MINNEAPOLIS (AP) — When Nicole Lovald married a soldier, she thought military life meant a lot of moves around the country.
“I was young and I was naive and September 11th hadn’t happened yet,” said Lovald, 34, of Excelsior. “I didn’t yet truly understand deployments. I didn’t yet truly understand war.”
Fourteen years later, Lovald is among a delegation that will talk with Michelle Obama about military families’ needs when the first lady visits Minneapolis on Friday.
Lovald’s husband Jon, 41, is a lieutenant colonel with the Minnesota National Guard and has been deployed twice. She’s raised a child alone. She’s helped develop a support program for service members who are students at Cappella University, the online college where she works.
Jon Lovald was deployed to Kosovo for a year in 2004 and to Iraq for another year in 2009. Anxiety, she said, began building before her husband left.
“You’re already going through this depression and all the stress, knowing that in three months or in six months he’s leaving,” Nicole Lovald said. “And my son’s not going to understand why his Daddy’s gone, and he’s not going to have that good solid male role model.”
The Iraq deployment presented an additional challenge: raising her son Jackson, then 2, alone. While grueling at first, Lovald said she got into a groove with regular baby-sitting help from family and a commitment to special mother-son date nights every week.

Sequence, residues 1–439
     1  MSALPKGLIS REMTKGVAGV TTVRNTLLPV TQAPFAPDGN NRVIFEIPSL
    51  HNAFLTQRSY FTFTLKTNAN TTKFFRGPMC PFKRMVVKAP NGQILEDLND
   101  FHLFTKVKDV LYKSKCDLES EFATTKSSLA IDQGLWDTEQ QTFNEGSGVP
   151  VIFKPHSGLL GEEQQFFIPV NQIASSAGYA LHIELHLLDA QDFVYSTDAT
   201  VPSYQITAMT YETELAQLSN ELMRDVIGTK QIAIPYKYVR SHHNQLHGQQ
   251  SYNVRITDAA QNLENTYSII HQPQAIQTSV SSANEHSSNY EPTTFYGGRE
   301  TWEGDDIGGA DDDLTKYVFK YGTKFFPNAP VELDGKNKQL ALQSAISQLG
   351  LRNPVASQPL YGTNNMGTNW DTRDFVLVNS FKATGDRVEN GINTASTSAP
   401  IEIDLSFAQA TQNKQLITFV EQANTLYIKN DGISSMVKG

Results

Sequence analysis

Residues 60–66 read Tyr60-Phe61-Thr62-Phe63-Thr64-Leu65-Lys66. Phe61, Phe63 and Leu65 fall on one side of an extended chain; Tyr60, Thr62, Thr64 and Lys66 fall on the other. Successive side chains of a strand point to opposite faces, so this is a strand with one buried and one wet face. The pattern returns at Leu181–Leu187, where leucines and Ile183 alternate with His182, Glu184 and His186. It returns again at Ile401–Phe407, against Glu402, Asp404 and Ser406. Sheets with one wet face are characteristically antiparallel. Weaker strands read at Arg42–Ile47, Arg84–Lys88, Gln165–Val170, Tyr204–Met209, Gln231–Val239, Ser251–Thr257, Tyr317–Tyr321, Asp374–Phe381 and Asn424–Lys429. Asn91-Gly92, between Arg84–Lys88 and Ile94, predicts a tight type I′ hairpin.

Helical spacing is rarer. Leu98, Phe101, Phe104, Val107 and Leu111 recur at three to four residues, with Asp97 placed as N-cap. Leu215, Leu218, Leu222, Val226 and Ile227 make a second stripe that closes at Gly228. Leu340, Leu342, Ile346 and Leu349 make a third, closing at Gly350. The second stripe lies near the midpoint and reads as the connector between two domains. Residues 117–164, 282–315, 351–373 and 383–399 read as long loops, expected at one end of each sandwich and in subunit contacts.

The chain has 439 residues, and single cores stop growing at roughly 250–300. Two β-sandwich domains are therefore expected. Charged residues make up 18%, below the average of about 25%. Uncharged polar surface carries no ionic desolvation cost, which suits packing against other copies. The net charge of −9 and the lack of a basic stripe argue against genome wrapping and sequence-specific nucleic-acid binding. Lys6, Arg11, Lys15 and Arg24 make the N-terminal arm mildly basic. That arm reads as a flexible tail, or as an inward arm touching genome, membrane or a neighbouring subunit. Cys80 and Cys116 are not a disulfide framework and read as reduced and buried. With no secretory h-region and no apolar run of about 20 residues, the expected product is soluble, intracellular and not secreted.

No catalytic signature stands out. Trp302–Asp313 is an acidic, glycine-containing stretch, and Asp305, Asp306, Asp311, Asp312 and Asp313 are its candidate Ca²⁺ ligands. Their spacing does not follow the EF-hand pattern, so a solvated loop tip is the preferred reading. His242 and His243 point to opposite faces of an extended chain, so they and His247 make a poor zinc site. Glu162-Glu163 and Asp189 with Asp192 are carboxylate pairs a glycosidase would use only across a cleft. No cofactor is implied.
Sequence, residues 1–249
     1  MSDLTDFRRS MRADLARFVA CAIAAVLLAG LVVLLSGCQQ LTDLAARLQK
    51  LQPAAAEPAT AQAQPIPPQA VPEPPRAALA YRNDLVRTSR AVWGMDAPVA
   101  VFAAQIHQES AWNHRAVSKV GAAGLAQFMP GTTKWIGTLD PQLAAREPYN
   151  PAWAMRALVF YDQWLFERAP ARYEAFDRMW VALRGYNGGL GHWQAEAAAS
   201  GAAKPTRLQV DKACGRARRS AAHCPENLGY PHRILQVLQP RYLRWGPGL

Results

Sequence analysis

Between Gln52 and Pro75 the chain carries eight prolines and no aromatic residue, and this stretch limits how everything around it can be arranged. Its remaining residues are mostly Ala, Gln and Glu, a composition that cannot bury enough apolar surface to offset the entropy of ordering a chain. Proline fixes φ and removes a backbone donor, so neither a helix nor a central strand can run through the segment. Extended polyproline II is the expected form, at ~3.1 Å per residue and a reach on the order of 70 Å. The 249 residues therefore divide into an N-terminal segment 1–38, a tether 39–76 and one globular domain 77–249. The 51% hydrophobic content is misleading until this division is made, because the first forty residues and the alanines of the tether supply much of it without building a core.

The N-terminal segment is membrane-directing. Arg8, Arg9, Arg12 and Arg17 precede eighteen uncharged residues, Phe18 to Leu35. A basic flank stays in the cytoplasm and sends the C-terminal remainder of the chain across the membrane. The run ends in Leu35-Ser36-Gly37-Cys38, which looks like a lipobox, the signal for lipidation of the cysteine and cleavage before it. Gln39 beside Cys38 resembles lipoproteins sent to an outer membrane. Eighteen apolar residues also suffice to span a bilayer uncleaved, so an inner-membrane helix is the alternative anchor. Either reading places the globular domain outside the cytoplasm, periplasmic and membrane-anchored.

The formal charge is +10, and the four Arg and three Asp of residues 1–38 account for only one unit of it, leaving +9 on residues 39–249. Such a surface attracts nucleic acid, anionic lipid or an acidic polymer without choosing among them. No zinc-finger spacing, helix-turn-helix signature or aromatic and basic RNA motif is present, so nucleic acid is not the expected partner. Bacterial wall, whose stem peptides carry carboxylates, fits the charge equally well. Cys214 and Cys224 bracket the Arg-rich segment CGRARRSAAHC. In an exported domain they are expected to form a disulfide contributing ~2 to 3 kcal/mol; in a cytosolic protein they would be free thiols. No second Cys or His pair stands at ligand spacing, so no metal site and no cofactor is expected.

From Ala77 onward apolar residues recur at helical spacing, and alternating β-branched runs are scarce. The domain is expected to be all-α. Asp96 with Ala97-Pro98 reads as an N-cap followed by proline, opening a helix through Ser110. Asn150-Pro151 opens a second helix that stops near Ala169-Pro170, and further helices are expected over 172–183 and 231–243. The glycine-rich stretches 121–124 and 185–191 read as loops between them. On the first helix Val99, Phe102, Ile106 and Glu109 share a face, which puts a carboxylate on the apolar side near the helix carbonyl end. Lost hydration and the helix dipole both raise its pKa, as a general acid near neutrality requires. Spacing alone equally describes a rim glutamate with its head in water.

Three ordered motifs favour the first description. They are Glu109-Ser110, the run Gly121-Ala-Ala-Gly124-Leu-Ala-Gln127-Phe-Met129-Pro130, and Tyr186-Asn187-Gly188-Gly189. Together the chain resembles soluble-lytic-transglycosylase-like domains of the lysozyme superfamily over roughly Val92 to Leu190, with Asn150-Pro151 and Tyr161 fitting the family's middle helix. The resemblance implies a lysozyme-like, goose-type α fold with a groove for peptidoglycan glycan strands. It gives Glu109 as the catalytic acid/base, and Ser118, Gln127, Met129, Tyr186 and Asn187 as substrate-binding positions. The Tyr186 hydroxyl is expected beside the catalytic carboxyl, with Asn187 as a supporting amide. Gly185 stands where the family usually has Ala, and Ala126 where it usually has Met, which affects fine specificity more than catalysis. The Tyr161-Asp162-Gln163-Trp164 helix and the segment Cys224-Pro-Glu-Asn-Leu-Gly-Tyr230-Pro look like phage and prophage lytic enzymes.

Driven by the support she received from family and friends, Lovald channeled her energies into creating support services for military members at Capella University. The program helps students who are deployed transition in and out of courses and handles their veterans’ benefits that pay for school.
Lovald comes to the roundtable discussion with Obama through an organization called Serving Our Troops. The group prepares steak dinners for Minnesota National Guard members and their families, bringing them together for the meal via live camera. It’s one of several local military support groups whose members will meet with Obama.
The first lady’s press office said in a statement that Obama plans to discuss “Minnesota’s best practices that can be replicated nationally,” when it comes to military issues. The first lady has spearheaded the Joining Forces program, which connects and promotes military support and resource groups.
Pat Harris, a former St. Paul City Councilman and a founder of Serving Our Troops, said the group will talk about how it can serve as a model for other communities.
“Our organization is definitely unique because our focus is around this steak dinner that we provide to families,” Harris said.
Lovald praised the Joining Forces program, but said it could use more development at the local level. In Minnesota, for example, there are no active duty bases or the tight-knit military communities that come with them.
“It’s hard for the families to know who’s out there and how they can access the resources,” she said.
Lovald said she hopes to ask the first lady about how the government will continue to provide support after troops return from active duty. Lovald noted that mental health issues tend to crop up months after a service member comes home.
“The service members get a lot of support from the (Veterans Administration), but the family members, being a part of that process, they aren’t always going get the same level of support,” Lovald said.
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